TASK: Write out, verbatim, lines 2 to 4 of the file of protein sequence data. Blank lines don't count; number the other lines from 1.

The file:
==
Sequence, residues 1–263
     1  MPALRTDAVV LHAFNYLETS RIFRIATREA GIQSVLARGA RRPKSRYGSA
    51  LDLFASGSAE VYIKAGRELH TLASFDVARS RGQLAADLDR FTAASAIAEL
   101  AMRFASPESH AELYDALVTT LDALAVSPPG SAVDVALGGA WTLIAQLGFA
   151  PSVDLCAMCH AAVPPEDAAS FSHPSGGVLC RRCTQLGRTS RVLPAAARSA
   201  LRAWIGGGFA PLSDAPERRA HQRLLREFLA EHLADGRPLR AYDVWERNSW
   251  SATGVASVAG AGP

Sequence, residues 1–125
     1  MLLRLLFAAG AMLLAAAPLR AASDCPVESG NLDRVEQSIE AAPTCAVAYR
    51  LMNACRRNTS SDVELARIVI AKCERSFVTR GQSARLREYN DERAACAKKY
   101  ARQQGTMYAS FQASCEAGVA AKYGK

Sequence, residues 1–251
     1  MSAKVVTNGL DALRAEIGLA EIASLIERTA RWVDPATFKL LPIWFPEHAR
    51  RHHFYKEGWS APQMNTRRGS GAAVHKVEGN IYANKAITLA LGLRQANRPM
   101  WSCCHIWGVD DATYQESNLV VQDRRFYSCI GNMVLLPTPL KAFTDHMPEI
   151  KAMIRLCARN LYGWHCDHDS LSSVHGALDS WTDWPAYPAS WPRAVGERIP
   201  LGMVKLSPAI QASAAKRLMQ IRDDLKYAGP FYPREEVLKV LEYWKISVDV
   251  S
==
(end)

     1  MPALRTDAVV LHAFNYLETS RIFRIATREA GIQSVLARGA RRPKSRYGSA
    51  LDLFASGSAE VYIKAGRELH TLASFDVARS RGQLAADLDR FTAASAIAEL
   101  AMRFASPESH AELYDALVTT LDALAVSPPG SAVDVALGGA WTLIAQLGFA